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Is the provision of equality and diversity training enough for an employer to successfully defend a claim for discrimination?

No, not always.

Employers may not be able to rely on the ‘reasonable steps’ defence against a claim of discrimination if they seek to rely on equality and diversity training that is ‘stale’.

Employer’s liability

Employers have a duty to protect their employees from discrimination in the work place. One way employers seek to do this is by providing equality and diversity training. A recent Employment Appeal Tribunal (EAT) hearing has ruled that the effectiveness of equality and diversity training is different to whether the training is reasonable to show that an employer has taken steps to avoid discrimination occurring.

Recent case law

In Allay (UK) Ltd v Gehlen, Mr Gehlen was dismissed for performance related reasons in September 2017 and he then complained that he had been subjected to racial harassment by a fellow employee. The employer investigated and established that racist comments had been made and the employee responsible was required to complete further equality and diversity training. In defending the claim the employer sought to rely on the ‘reasonable steps’ defence. This provides that it is a defence if the employer can show that they took all reasonable steps to prevent employees from committing discriminatory acts. The Employer argued that they had provided equality and diversity training in 2015 and this was reasonable to attempt to prevent the discrimination taking place.

The EAT held that the equality training which had been provided before Mr Gehlen had started employment and approximately 18 months before the alleged discrimination took place was ‘clearly stale’. The EAT rejected the defence that the training provided was sufficient to argue that the employer had taken reasonable steps to avoid employees committing discriminatory acts. It was held that a reasonable step would have been to provide refresher training.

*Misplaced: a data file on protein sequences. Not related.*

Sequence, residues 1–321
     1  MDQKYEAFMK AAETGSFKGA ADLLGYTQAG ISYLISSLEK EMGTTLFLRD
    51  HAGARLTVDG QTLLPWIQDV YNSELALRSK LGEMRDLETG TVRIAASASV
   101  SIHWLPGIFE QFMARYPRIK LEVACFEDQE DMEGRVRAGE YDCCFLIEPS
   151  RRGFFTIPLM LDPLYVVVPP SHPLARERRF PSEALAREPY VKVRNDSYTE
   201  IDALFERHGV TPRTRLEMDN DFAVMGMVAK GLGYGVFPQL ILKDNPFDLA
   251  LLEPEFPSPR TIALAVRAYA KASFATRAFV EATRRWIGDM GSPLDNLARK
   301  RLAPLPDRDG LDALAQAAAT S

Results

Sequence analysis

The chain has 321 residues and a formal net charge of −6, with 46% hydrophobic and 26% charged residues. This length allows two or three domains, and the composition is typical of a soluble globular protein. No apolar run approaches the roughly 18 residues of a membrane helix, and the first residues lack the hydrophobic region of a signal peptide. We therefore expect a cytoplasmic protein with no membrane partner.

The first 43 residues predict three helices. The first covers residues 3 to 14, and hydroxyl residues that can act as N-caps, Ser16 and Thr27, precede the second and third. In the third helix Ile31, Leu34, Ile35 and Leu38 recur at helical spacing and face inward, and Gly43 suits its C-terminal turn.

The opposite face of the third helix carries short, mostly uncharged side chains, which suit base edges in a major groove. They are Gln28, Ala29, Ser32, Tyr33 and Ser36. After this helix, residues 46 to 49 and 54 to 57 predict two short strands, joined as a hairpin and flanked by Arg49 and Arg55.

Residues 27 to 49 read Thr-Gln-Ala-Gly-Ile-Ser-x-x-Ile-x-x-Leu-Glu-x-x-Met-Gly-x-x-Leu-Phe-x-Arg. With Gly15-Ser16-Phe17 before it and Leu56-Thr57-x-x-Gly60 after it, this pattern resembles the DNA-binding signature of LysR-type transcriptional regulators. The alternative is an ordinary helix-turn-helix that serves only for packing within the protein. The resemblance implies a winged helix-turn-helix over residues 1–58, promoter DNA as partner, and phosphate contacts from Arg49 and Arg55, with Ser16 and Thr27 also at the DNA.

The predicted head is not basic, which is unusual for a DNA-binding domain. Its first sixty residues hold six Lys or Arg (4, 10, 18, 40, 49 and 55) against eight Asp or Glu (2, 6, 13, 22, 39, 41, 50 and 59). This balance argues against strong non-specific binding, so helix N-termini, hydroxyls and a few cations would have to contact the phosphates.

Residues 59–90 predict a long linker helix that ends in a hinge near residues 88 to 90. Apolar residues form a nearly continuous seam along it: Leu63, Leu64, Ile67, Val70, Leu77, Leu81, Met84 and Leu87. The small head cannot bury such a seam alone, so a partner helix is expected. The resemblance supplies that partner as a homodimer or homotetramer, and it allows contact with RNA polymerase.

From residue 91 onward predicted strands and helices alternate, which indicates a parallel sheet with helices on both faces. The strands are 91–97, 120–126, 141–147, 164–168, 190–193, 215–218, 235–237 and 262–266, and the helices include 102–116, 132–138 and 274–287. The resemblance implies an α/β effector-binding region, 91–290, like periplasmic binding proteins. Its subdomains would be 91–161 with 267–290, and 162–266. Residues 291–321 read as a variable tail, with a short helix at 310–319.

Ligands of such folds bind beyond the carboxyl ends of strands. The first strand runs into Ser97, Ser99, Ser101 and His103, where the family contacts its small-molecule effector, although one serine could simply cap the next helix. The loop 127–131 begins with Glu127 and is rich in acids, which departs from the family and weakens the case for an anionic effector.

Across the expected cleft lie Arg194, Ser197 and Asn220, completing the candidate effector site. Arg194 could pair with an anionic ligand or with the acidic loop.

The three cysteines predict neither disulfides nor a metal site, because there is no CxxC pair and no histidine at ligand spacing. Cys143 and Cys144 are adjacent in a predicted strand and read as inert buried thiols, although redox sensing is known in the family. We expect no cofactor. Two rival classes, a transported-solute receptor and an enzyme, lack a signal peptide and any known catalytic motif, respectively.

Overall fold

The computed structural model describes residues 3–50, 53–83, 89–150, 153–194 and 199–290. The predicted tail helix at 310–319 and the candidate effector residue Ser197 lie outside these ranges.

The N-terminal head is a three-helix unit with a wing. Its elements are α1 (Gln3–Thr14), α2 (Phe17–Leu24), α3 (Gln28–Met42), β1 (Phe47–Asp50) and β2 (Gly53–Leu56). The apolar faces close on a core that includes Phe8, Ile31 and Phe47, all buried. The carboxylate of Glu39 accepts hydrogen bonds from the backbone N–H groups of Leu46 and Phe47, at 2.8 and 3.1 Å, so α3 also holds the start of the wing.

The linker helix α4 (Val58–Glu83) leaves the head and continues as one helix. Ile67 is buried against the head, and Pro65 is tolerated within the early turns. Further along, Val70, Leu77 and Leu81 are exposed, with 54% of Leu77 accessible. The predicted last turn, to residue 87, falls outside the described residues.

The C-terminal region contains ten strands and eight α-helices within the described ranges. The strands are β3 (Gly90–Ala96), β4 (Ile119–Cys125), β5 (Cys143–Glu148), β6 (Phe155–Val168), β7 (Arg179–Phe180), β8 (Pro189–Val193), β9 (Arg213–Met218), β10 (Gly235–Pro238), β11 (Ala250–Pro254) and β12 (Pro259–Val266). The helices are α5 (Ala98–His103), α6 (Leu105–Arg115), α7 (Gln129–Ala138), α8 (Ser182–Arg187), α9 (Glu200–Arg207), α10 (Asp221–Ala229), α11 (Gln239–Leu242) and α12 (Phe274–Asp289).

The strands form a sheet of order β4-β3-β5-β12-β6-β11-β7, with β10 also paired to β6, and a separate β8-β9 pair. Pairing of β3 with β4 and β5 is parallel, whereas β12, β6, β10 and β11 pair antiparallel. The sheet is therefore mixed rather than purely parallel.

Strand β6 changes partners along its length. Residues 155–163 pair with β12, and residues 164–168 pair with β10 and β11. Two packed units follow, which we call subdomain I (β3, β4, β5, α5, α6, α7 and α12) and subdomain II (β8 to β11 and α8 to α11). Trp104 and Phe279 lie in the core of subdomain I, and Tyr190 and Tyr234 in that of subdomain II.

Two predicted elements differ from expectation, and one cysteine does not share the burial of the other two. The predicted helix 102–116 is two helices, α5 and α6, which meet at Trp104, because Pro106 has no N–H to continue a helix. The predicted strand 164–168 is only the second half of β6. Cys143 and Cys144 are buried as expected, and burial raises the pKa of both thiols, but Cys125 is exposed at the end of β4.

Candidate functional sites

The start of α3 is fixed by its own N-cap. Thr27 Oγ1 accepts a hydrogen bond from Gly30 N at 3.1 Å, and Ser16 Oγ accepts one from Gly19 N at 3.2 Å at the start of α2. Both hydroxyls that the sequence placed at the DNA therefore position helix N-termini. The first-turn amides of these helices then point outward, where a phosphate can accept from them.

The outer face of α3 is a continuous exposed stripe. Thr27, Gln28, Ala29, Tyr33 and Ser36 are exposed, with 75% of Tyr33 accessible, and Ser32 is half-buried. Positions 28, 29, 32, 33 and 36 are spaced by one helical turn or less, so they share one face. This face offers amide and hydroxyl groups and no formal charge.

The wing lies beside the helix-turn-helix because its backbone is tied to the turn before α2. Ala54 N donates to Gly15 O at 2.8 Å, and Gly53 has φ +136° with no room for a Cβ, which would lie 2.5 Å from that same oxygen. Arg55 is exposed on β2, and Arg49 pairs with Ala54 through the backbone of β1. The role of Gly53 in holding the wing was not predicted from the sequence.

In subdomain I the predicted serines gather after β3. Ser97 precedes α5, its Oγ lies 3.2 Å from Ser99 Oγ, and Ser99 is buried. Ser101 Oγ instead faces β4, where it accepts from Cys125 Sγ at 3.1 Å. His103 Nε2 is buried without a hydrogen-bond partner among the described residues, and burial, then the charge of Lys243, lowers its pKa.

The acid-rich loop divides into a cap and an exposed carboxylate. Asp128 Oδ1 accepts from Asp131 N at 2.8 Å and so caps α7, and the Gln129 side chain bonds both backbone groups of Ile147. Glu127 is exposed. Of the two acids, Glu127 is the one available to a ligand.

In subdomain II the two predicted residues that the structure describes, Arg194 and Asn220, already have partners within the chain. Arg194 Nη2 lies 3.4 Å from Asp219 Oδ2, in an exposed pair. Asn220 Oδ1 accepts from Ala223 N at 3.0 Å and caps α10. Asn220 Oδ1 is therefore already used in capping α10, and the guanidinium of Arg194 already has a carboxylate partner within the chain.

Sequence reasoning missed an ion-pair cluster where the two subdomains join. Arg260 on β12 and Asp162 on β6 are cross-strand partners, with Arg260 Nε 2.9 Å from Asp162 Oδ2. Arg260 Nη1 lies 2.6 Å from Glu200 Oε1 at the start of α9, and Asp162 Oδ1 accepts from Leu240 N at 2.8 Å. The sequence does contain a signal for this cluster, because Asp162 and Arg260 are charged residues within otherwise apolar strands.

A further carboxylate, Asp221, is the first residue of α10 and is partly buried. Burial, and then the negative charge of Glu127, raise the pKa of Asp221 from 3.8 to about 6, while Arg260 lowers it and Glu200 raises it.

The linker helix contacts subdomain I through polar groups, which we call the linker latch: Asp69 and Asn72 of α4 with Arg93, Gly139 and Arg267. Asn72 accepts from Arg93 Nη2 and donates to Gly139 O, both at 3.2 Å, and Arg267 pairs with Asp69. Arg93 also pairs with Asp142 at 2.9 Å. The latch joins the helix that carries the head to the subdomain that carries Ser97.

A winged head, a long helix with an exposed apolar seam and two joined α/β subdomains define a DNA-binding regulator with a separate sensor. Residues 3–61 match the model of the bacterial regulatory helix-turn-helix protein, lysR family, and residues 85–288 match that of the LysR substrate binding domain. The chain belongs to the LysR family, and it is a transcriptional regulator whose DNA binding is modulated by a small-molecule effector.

This decision makes it clear to employers that they cannot provide one off training and seek to rely on this as a reasonable step in defending a subsequent discrimination claim. Training should be consistently monitored and regularly refreshed in order to update employees’ knowledge and awareness.

What are reasonable steps?

When considering a discrimination claim a Tribunals will take a two-stage approach, looking first at what steps the employer took and then considering whether there were other reasonable steps that it could have taken to prevent the discriminatory act taking place. Reasonable steps will usually include:

  • having and implementing an equal opportunities policy and an anti-harassment and bullying policy, and reviewing those policies as appropriate;
  • making all employees aware of the policies and their implications;
  • training managers and supervisors in equal opportunities and harassment issues (and providing refresher training); and
  • taking steps to deal effectively with complaints, including taking appropriate disciplinary action.

Case study

An employer provides training to all employees regarding their policy on harassment, and is clear that that harassment of employees related to any of the protected characteristics will lead to disciplinary action. They also ensure that managers are trained in applying this policy.

After the policy has been implemented an employee makes a homophobic comment towards another employee who identifies as LGBT, who is offended by the comments. The employer then takes disciplinary action against the employee.

In these circumstances the employer may avoid liability because their actions are likely to show that they took all reasonable steps to prevent the unlawful act.

If you would like advice on issues of discrimination, equality training or taking reasonable steps to avoid liability for claims of discriminatory acts please contact either Nick Smith or Laura Tennet of the Mincoffs’ Employment Team.

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